Facebook Is 'Pausing' Work On Instagram Kids App After Backlash

by Christina Marfice
Maskot/GETTY and Instagram

Facebook is pumping the brakes on its Instagram app for younger users, saying information leaked before the company had a solid plan for what it wanted to create

Facebook has been hard at work the last few years rolling out products aimed at a younger generation of users — from Portal, its video messaging hardware that was marketed heavily as a way for young kids to stay in touch with family, to Messenger Kids, a pared-down version of the site’s messaging app built with safeguards that allowed parents to supervise their kids’ online messages. But now, the company is pressing pause on its plans for a version of Instagram aimed at younger users, after widespread backlash.

Instagram chief Adam Mosseri explained in a blog post that while the idea is being put on the backburner, the company will continue to work on its idea for an Instagram app that’s marketed toward users under 13. In a series of tweets, Mosseri blamed the backlash on media reports and people not understanding the true purpose of the app.

“Us pausing doesn’t change the status quo. U13s are getting phones, misrepresenting their age, and downloading 13+ apps. YouTube and TikTok saw this happening and made u13 products, we were doing the same,” he wrote. “I have to believe parents would prefer the option for their children to use an age-appropriate version of Instagram – that gives them oversight – than the alternative. But I’m not here to downplay their concerns, we have to get this right.”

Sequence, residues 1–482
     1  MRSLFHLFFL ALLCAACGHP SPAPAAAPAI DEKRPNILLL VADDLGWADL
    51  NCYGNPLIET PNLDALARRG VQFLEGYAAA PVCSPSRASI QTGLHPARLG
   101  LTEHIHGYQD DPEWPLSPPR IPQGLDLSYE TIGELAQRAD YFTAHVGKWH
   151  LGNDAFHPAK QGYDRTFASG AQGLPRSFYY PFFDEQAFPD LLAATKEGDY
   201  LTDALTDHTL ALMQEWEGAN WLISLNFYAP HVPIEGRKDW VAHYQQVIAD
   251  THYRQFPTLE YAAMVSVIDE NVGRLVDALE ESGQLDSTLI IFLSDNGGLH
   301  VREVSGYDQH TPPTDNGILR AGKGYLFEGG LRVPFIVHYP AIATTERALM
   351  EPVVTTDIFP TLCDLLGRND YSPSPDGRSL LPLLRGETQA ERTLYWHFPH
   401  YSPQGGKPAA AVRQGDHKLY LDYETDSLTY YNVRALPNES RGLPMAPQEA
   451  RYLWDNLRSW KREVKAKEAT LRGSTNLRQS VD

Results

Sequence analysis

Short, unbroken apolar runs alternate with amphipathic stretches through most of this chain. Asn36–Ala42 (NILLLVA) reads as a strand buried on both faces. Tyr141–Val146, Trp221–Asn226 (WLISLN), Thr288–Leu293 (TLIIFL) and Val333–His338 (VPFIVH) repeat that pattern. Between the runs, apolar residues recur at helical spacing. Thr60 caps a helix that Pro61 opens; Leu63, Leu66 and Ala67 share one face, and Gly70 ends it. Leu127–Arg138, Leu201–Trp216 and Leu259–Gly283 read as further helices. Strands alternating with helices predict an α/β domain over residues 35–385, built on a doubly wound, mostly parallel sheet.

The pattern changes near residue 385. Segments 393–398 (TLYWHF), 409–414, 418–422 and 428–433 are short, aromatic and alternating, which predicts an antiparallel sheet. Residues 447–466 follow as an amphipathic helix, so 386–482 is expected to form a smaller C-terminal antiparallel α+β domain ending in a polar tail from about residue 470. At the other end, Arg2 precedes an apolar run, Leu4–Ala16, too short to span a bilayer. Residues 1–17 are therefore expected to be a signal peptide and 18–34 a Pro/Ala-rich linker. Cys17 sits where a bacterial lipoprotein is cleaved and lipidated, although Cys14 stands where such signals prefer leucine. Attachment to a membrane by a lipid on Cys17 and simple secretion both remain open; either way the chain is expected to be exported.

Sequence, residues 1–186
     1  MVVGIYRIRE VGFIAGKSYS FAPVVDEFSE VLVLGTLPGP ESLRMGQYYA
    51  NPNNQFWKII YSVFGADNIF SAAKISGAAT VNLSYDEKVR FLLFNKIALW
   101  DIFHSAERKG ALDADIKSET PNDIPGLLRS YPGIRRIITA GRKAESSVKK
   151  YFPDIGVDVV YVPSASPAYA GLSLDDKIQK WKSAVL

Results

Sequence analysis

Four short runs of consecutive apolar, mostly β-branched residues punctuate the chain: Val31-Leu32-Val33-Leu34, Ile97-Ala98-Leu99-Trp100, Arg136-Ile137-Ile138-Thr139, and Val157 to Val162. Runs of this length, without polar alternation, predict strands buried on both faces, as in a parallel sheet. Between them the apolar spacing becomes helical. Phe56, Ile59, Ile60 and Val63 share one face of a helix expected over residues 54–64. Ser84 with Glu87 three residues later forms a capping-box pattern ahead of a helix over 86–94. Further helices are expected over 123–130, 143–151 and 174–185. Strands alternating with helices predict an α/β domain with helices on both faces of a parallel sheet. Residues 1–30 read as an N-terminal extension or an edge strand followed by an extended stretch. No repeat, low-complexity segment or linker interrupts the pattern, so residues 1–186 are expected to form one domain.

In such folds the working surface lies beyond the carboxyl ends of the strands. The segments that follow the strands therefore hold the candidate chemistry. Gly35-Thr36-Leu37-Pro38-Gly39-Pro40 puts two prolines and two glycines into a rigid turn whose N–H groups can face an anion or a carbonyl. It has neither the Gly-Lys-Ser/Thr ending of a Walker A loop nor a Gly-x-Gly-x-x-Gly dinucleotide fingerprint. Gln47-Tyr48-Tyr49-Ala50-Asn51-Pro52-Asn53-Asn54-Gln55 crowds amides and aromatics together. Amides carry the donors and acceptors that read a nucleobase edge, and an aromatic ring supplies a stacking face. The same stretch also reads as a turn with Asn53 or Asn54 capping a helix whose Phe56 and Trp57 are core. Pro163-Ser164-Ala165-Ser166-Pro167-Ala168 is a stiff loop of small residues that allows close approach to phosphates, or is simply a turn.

Mosseri claimed that the app was never meant for very young users, but to give tweens (ages 10-12, he wrote) an age-appropriate way to participate in photo sharing online.

However, his statements come after the Wall Street Journal published a number of damning stories about Instagram Kids, including that Facebook had its own internal research that showed that apps like Instagram made body image issues worse for young users, especially girls. The app was also widely criticized by advocacy groups who say that while Facebook claims it’s trying to keep kids safe on its apps, this is a thinly veiled attempt to expand marketing to a new, younger demographic, regardless of how social media might harm those younger users.

“The project leaked way before we knew what it would be. People feared the worst, and we had few answers at that stage. Recent WSJ reporting caused even greater concern. It’s clear we need to take more time on this,” Mosseri wrote. “Parental supervision was a big part of what we were already building for u13s, and in the coming months we’re going to expand opt-in parental supervision to teen accounts on Instagram, giving parents more oversight of their teen’s experiences on our app.”